Work-life balance: swings, roundabouts or a bit of both?
Strike the best balance between work life and your home life and it can only be good for your business. But it's all swings and roundabouts, according to personal coach Peter Jackson...
Like many people, I've been away from my desk over the Christmas period and I've been able to do some thinking. And being away from my desk has made me think about work-life balance.
The work-life balance issue has definitely changed for me over the last few years. I worked for a succession of great bosses who allowed me to work four days a week when my daughter was born, work flexible hours and take extra time off to support my partner's career.
In return, they got commitment, loyalty and, I always believed, more value for money. Taking that time out to do other things stopped me from getting bored and stale and made me more valuable to the team. This is one sort of balance. We can call this the swings model: you're either doing or recovering. Allowing for time out can makes the time in more focused.
Now I'm self-employed the deal is a different one. I have to do everything, not just my job. If I'm not there, it doesn't get done. Almost everything I do is about the business. And it never really stops. I'm more likely to work six days a week than four, yet I always feel happy to work. If I watch the clock it's because I want to get something else finished. Exhausting? Well yes, but it's also extremely satisfying. And when I'm with the kids the change just picks me up again. It seems like the more I get out of my job, the more energy I get spilling over into other things. We can call this the roundabouts model. It doesn't matter where you push, it all goes in the same direction.
Both these are pretty positive examples of balance. I've given them both because a lot of people operate as if only one of these models really describes what happens for working people. In fact, they both do. Swings and roundabouts. Maybe to one person at different times. Maybe to different people at the same time.
How they work together
Not only do they both operate, but they operate together. That's because they both have a bad side as well as a good side. So, for example, some people use non-work activities to compensate for lack of stimulation at work, and can get into a spiral of dissatisfaction. It's a kind of detachment. Other people don't know when to stop and end up, exhausted, getting ill.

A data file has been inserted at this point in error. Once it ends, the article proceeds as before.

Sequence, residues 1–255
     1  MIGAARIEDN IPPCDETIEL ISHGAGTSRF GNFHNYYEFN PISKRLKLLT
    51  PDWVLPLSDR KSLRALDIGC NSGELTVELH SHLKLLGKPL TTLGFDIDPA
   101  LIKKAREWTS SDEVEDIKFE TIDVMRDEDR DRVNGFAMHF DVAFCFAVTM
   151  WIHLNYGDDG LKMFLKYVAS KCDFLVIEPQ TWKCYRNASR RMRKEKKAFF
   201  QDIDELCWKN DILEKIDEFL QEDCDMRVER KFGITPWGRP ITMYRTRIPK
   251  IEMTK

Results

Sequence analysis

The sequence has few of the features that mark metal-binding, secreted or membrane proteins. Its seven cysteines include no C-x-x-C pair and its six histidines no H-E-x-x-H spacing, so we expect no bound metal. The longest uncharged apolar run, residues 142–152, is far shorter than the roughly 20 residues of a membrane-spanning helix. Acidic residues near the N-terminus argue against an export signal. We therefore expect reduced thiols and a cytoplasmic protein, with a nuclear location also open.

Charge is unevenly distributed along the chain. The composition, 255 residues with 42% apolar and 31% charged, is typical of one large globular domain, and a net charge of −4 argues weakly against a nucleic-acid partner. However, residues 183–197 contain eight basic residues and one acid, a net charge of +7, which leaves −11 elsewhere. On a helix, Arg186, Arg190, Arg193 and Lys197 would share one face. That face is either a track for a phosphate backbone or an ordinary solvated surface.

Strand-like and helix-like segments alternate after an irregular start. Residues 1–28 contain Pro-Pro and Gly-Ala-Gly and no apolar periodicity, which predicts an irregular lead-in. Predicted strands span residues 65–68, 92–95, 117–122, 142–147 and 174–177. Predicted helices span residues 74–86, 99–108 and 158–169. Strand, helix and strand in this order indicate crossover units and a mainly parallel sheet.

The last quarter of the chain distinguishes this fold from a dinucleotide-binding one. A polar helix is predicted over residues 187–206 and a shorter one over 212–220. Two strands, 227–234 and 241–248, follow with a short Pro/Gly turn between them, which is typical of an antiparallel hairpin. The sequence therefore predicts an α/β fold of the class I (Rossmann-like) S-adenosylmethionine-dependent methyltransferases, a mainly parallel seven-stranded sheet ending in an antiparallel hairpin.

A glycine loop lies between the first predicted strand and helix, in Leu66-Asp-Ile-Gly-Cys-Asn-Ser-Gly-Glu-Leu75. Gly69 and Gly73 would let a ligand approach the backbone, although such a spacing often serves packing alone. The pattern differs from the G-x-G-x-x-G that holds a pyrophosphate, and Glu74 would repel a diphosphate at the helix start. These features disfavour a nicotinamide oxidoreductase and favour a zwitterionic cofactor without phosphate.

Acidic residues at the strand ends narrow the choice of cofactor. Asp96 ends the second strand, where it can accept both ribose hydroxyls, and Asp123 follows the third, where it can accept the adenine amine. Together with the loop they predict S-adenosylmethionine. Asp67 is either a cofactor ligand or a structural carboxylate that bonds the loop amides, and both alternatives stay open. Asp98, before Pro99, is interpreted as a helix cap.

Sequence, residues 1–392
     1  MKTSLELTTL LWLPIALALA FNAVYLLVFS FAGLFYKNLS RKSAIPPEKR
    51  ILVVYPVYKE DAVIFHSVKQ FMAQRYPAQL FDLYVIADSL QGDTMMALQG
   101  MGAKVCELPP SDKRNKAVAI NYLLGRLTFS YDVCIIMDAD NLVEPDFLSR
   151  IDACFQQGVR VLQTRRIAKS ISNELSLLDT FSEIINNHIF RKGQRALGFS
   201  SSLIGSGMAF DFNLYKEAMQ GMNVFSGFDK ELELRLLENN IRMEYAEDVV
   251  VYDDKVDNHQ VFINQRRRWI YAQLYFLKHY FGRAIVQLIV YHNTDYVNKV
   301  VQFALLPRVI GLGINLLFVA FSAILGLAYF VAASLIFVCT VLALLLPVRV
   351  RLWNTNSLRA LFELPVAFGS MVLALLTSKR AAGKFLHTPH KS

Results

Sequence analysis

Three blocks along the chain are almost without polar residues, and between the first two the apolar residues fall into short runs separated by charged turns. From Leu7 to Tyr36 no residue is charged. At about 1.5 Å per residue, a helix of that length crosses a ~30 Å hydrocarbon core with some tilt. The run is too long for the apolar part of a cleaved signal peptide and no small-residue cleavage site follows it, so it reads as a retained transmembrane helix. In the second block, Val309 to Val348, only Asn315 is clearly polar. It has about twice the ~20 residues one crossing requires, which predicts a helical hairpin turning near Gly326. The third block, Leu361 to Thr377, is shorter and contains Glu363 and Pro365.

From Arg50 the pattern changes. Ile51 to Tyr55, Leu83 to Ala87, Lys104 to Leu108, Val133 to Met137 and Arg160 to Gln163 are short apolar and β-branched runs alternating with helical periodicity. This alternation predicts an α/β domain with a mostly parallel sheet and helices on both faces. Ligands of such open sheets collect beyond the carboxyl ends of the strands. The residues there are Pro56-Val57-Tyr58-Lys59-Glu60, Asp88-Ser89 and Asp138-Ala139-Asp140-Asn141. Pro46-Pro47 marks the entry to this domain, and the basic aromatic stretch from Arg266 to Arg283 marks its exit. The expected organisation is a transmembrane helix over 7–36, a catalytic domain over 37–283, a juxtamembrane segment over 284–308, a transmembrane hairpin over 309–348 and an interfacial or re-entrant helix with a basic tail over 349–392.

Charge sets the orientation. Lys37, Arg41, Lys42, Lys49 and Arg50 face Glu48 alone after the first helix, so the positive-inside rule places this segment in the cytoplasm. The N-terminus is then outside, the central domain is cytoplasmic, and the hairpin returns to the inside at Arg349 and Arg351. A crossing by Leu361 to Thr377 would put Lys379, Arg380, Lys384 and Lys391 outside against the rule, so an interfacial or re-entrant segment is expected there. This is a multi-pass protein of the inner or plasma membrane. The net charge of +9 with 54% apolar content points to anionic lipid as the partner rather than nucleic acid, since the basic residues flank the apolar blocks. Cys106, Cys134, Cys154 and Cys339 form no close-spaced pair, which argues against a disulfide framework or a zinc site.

We can look at this as a kind of matrix:
|| Helpful effects
|| Unhelpful effects
C Positive spillover
Most people running their own business are pretty stimulated by the job, but it can be difficult to take time off. Both the responsibility and the sense of engagement with the business mean that you can end up feeling that you'd rather be working than worrying about not working. There can come a point, though, where this isn't helping any more and everything's getting on top of you. On the diagram you've moved from getting positive spillover (Box C) to exhaustion (Box D).
Other people in your business might have a different mindset. For some people it's just a job, and let's face it, if they do it well, that's OK. They keep a part of themselves separate from the job (Box A) and that's a kind of balance. If they become too separate, it starts to spiral into detachment (Box B).
So here's how they work together: exhausted (D)? maybe you need some recovery time (A). Detached (B)? maybe you need a way to refresh your commitment to work and enjoy some positive spillover (C).
Plot those changes on the diagram and you get a figure of eight pattern.
How does this help you?
As I said earlier, many people operate as if only one of these models applies. What follows from this way of thinking is a very one-dimensional policy. If x worked before, I'll do more of x. But put everything I've said about these models together and it illustrates a very simple truism: you can get too much of a good thing. All I'm suggesting is that when that happens you might benefit from a little bit of something else.
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